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| Last Updated:: 28/04/2017

Lhagyala Monastery declares part of its forest as Community Conserved Area












ITANAGAR: Mon-Lhagyala Buddhist Cultural Society (MLBCS) and the Kalaktang Tsopa, a confederation of more than 20 Monpa villages, have unanimously decided to set aside a significant proportion of the forests belonging to the Lhagyala Monastery for biodiversity conservation. 




The MLBCS declared the proportion of forests as Mon-Lhagyala Community Conserved Area (MLCCA) during an event organised in Domkho village on April 26 last. This is probably the first instance in the region where a monastery takes interest to set aside its forest resources and declares it as a CCA for the long-term management and sustainable livelihood purposes. 




The CCA is managed by the Mon-Lhagyala Buddhist Cultural Society. The Society currently bans any form of hunting and illegal/ commercial extraction of forest resources from the CCA. Violation of this order will be a punishable offence under the provision of customary laws of the Tsokpa and the Wildlife (Protection) Act, 1972. 




The DFO of Shergaon Forest Division has lauded the efforts of the local community. “This is a good beginning and noble effort by the people of Domkho and other villages, he said while extending his support towards this effort. The president of Kalaktang Tsokpa and executive members of MLBCS also attended the CCA inauguration event.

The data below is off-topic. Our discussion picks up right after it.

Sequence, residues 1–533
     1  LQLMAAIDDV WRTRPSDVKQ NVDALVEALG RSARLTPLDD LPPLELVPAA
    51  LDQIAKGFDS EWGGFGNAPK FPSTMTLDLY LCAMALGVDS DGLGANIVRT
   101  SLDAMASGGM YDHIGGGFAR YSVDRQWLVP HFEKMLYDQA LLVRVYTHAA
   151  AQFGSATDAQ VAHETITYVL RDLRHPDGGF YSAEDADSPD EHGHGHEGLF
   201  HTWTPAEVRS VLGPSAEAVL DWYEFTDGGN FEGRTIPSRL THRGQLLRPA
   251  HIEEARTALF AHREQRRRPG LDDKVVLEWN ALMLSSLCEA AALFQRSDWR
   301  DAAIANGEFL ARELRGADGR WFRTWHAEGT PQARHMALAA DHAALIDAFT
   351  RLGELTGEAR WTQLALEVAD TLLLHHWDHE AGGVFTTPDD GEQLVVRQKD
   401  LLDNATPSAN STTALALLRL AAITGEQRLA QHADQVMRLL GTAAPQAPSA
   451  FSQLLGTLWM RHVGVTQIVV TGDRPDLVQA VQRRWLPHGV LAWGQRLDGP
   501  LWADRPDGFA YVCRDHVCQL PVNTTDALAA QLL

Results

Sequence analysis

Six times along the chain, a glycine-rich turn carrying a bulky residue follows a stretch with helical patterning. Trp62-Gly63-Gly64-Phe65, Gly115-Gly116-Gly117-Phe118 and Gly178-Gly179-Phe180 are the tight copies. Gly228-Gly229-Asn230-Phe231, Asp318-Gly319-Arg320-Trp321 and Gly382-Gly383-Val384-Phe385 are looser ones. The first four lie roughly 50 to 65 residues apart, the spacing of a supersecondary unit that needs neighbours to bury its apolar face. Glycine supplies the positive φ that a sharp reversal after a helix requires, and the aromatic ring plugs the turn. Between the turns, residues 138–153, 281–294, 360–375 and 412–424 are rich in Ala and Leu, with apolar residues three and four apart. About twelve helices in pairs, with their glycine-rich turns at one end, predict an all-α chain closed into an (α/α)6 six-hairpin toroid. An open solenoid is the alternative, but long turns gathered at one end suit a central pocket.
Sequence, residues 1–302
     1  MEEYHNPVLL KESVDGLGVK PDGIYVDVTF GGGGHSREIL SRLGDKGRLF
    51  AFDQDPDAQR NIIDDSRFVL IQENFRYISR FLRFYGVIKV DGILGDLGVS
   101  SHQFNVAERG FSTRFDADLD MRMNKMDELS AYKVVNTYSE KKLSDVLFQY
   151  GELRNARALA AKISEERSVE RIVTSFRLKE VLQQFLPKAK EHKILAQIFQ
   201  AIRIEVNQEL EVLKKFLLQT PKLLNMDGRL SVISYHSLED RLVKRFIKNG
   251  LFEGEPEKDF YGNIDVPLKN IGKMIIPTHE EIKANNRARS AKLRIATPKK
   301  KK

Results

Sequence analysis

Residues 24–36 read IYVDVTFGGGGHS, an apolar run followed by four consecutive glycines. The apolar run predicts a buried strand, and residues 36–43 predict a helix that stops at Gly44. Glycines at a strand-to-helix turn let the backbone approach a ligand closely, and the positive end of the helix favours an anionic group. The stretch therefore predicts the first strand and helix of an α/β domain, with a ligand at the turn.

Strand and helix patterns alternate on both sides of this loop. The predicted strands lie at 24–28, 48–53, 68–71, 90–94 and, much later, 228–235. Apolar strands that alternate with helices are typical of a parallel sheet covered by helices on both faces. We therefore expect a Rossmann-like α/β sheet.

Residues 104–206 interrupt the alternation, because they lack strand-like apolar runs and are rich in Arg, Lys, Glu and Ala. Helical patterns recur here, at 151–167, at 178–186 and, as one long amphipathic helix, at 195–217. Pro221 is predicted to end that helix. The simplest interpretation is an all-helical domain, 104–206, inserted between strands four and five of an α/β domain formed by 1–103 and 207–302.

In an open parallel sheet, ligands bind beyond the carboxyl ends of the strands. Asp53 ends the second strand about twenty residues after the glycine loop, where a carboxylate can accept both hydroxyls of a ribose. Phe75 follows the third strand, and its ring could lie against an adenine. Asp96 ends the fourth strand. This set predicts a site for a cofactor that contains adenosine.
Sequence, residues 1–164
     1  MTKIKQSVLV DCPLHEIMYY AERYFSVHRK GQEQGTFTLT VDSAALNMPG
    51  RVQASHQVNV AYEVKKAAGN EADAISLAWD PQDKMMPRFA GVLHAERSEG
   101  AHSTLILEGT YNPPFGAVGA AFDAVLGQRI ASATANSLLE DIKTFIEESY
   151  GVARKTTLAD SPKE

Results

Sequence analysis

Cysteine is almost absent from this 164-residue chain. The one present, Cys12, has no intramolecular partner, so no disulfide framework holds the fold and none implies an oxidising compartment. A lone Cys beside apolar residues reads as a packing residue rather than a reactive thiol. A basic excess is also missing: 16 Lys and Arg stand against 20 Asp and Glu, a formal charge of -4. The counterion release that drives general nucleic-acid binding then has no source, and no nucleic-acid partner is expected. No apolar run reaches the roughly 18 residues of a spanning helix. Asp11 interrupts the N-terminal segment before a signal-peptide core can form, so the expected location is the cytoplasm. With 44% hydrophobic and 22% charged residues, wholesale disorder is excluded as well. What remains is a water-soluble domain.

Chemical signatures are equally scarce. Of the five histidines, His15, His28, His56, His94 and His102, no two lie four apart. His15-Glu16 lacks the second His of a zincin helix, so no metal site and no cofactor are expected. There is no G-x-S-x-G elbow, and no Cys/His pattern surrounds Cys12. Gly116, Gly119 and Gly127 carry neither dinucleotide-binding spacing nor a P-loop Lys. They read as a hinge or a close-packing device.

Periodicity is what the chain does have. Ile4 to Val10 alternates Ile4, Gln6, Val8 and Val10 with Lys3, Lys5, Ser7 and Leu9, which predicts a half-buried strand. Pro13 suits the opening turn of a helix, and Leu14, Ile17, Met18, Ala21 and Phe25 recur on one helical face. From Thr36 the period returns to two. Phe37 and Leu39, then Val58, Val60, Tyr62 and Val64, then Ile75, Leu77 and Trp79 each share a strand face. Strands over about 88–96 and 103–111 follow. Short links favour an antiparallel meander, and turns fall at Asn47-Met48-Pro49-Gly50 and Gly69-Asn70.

The MLCCA, named after the Lhagyala Gonpa (Monastery), falls under the Kalaktang circle of West Kameng district covering an area of 85 sq km. 




The elevation of the CCA ranges between 2500m and 4000m, covering both the temperate and the sub-alpine biomes. It is an important habitat of the red panda (Ailurus fulgens), alpine musk deer (Moschus chrysogater), high altitude pheasants, Asiatic black-bear (Ursus thibetanus), forms the catchment of Domkho Ri (river), crucial water sources for the Domkho-Morshing valley and the downstream. 




The conservation area extends up to the international boundary of Bhutan. Importantly, the CCA shares it western boundary with the Sakteng Wildlife Sanctuary of Bhutan that owns some of the vast, pristine mixed conifer forest tracts and the diversity of rhododendron species that is said to be the highest in the country. 




The WWF, India has been supporting the local communities and the MLBCS to secure forests for species conservation and long-term management to address livelihood needs of the people. WWF, India will further work with the people and the society to strengthen management practices and define resource use protocols, said WWF, India, Landscape coordinator Kamal Medhi. 




The CCA model is an important tool that can be effective in states like Arunachal Pradesh, where more than 60 percent forest (roughly 30,000 sq km) belongs to local community and is governed by their traditional customary laws.








Source: The Arunachal Times